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Thursday, 28 July 2011

AGA Cooker

In 1912 Swedish physicist Gustaf Dalen lost his sight in a laboratory explosion. Forced to stay at home, Dalen discovered that his wife was exhausted by cooking. He set out to develop an energy efficient stove that required no adjustment during cooking and had an oven that is constantly hot. Adopting the principle of heat storage, he combined a heat source, two large hotplates and two ovens into one unit: the AGA Cooker. The cooker was introduced to England in 1929.

The Aga was named after the gas company of which Dalen was a director, Svenska Aktiebolaget Gas Accumulator (the Swedish Gas Accumulator Company).

In 1912 Gustaf Dalen won a Nobel Prize for an invention making unmanned lighthouses possible.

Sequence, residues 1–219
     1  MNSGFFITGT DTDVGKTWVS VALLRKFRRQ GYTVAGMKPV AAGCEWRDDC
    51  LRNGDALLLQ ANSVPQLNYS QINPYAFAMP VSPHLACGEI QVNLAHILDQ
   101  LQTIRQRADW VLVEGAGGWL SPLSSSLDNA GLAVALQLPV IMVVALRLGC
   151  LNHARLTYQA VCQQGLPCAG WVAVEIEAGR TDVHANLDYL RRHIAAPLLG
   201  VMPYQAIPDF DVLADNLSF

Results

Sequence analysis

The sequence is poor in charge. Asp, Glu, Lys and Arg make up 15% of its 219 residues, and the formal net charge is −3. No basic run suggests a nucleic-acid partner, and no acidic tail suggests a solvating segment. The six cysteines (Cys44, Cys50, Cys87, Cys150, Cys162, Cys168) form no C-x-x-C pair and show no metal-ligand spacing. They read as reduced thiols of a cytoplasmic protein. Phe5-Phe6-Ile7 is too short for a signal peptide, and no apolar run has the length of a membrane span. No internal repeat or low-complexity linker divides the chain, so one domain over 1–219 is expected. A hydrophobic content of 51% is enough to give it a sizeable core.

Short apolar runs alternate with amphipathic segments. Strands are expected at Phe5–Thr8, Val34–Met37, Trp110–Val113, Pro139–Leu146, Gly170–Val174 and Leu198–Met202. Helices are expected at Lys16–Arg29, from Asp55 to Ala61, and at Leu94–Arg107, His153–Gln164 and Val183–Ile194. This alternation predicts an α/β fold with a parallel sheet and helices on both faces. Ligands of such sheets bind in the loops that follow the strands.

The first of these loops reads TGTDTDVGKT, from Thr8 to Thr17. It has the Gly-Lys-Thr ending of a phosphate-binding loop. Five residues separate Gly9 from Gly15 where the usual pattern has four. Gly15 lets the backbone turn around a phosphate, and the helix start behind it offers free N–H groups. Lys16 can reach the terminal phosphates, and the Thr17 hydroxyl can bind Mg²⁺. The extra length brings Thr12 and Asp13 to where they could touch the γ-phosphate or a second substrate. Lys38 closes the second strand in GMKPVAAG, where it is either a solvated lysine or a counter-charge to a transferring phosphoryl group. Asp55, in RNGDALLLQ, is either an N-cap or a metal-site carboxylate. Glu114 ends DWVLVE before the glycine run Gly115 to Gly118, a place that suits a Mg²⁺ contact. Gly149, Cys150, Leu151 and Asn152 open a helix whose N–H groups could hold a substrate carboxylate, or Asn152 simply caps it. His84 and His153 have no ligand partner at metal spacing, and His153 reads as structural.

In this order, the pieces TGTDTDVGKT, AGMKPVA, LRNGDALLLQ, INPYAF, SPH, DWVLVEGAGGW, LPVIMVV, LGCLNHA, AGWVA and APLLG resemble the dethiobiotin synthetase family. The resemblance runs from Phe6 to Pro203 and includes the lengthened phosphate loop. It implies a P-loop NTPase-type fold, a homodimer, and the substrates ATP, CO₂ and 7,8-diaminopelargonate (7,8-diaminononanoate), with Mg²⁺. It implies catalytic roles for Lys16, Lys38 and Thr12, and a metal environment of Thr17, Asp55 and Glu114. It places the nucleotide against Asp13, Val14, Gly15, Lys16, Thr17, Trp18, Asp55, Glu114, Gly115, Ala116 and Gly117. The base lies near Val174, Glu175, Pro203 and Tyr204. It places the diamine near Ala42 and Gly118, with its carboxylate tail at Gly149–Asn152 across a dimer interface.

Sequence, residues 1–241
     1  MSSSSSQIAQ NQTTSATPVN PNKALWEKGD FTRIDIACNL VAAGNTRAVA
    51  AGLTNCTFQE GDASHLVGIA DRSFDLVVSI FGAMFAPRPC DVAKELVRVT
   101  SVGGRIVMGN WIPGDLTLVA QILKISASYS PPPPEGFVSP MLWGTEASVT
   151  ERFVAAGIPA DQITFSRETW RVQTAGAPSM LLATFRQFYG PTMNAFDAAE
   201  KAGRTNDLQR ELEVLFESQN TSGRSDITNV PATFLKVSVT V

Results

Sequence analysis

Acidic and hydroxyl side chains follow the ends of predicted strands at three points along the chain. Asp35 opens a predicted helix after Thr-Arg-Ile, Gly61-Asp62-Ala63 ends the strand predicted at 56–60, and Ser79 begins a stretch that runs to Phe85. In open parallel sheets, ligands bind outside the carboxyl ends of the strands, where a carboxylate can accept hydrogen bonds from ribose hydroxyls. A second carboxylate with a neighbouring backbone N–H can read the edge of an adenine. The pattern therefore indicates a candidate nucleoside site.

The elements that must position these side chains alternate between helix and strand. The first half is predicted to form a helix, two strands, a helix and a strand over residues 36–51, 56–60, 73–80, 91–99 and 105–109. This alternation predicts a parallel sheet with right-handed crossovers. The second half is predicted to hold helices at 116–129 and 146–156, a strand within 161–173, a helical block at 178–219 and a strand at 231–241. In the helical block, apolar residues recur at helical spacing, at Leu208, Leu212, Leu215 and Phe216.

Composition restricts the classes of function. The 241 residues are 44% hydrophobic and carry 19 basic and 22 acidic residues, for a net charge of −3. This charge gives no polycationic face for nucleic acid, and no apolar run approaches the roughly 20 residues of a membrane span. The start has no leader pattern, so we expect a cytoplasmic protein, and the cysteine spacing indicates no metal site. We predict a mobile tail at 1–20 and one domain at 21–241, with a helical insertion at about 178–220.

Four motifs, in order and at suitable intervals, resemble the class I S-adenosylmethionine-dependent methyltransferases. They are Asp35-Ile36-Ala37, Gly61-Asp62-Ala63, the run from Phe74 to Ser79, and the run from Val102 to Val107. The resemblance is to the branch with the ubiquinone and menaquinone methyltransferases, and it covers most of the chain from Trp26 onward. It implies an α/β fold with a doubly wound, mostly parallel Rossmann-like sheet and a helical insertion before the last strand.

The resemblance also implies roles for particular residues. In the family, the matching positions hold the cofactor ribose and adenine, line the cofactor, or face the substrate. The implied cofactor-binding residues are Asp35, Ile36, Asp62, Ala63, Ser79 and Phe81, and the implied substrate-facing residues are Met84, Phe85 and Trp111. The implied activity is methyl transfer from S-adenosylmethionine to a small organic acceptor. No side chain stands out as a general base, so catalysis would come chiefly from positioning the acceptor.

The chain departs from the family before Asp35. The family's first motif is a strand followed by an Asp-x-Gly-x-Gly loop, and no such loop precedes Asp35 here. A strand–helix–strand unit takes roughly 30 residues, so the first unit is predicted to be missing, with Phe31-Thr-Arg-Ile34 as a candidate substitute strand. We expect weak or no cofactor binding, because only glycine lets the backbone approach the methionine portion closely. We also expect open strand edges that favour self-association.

The cooker's popularity with owners of medium to large country houses led to the coining of the term "AGA saga" in the 1990s, referring to a genre of fiction set amongst stereotyical upper-middle class society.

The AGA is known for its longevity, and in 2009 the company set up a competition to find the oldest AGA still in use. The winning cooker was installed in 1932 and belonged to the Hett family from Sussex.

The manufacturer of the Aga Rangemaster was sold to a US firm in a deal valued at £129 million in 2015. The group, which has been manufacturing its stoves in Coalbrookdale, Shropshire, Englanf, since 1930, agreed a sale with the Middleby Corporation.

Source Wikipedia

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